Achievements of the group include finding the true name of “Mrs Skirriker” whom Nathaniel, (not to put too fine a point on it), stalked. The name was actually Sanigear and she really was a descendant of John Bunyan. They also tracked down other people and incidents mentioned in the diary. While some efforts had been made to see if there were any living descendants of Nathaniel none had been successful until, one day, Steven Saxby walked into the Archives and revealed himself as a descendant of Nathaniel through his son Henry Bryceson.

Steven Saxby's visit to the Archives CentreSteven revealed that there was a family tradition that the family name should have been White not Bryceson. Although the diary gives no clue that Nathaniel knew that he was illegitimate, he or one of his descendants must have found out, perhaps on his mother’s death or perhaps he looked for his baptism in the St Marylebone Parish register. On his marriage in 1854 he gave his father’s name as Nathaniel Bryceson, a mythical combination of his father Nathaniel White and his mother’s first husband John Bryceson. The discovery of the grave of Nathaniel, his wife and son Nathaniel, in an overgrown part of Islington cemetery in Finchley led to a visit by Steven.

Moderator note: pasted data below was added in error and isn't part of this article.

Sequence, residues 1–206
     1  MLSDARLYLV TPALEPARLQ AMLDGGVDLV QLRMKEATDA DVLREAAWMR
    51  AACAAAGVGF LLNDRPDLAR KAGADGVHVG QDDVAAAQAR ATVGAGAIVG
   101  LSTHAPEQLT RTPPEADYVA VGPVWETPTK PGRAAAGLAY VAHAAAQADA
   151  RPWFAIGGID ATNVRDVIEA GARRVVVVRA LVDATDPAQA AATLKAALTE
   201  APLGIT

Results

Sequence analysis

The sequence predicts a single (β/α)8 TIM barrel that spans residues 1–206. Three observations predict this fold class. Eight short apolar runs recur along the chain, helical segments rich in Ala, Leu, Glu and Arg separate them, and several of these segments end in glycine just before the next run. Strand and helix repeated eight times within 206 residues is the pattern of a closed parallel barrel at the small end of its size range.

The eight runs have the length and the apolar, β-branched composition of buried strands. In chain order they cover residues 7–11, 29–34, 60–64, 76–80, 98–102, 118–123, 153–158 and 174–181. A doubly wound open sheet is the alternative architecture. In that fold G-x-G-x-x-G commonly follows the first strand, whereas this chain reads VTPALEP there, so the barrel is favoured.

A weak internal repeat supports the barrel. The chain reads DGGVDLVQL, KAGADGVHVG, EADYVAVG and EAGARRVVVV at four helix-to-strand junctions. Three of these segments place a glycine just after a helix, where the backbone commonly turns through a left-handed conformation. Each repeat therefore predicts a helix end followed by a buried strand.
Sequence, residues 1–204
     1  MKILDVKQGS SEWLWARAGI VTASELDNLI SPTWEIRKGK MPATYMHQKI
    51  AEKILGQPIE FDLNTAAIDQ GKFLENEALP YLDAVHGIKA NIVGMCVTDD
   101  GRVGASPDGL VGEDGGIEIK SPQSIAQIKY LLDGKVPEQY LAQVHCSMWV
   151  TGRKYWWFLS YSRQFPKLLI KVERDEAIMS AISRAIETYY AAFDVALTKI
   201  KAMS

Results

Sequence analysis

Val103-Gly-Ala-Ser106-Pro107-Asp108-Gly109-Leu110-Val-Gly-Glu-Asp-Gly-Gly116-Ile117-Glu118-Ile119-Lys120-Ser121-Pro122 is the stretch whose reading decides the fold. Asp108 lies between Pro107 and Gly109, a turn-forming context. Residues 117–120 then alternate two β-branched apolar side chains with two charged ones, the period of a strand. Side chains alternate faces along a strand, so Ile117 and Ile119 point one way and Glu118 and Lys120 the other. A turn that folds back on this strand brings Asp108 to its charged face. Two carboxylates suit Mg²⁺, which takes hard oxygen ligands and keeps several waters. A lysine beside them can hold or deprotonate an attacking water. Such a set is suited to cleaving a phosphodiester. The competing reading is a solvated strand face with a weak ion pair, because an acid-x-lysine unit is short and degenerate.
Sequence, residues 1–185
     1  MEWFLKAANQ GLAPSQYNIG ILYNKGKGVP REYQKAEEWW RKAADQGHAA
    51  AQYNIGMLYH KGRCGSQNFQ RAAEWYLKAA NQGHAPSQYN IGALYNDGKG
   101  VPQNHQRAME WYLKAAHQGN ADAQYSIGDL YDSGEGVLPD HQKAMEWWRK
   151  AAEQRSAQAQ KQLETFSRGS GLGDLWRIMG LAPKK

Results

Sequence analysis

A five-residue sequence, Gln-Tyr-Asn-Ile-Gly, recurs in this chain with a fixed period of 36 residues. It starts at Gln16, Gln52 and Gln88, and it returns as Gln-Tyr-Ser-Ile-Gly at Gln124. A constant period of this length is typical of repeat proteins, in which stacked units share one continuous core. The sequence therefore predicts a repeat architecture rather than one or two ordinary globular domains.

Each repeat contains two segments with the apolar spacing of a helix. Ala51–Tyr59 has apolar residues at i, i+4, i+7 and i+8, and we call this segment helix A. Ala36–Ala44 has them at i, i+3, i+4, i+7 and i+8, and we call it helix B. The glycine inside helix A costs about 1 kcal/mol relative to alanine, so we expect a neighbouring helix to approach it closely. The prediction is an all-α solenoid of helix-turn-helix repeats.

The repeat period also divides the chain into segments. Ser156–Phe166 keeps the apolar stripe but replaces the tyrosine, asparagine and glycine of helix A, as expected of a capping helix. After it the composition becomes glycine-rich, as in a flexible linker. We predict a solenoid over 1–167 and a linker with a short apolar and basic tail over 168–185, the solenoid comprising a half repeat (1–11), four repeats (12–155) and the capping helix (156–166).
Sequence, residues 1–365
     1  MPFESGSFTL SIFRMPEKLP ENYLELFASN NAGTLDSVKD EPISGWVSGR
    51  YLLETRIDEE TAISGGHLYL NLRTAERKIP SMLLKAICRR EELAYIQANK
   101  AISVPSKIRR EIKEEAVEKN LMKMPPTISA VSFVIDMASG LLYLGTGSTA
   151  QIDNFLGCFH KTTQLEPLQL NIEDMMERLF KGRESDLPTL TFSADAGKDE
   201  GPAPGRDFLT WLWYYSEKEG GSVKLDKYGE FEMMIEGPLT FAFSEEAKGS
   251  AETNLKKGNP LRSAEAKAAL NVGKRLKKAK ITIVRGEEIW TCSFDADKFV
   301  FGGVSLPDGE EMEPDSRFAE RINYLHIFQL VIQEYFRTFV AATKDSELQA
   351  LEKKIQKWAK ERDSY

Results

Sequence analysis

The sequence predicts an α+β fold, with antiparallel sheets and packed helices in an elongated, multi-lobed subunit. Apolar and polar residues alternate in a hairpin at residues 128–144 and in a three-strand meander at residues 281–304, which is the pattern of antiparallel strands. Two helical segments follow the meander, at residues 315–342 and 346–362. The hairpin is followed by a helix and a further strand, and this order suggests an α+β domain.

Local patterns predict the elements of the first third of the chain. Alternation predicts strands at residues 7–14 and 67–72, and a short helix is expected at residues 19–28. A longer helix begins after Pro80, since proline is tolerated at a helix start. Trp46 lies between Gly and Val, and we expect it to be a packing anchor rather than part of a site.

Nathaniel Bryceson Memorial Walk - 5 October 2010

Nathaniel was a great walker, ranging far and wide to look at churches, carve his name and get up to mischief with Ann. A couple of these walks, freely modified to minimise main road walking, have been re-created  by members of the Rootschat forum, leading us across London to Hendon and Harrow on the Hill.

Some mysteries remain. This was not Nathaniel’s first diary and he mentions buying another book for 1847. It is known that his 1848 diary survived into the early years of the 20th Century but whether it is still in existence is unknown.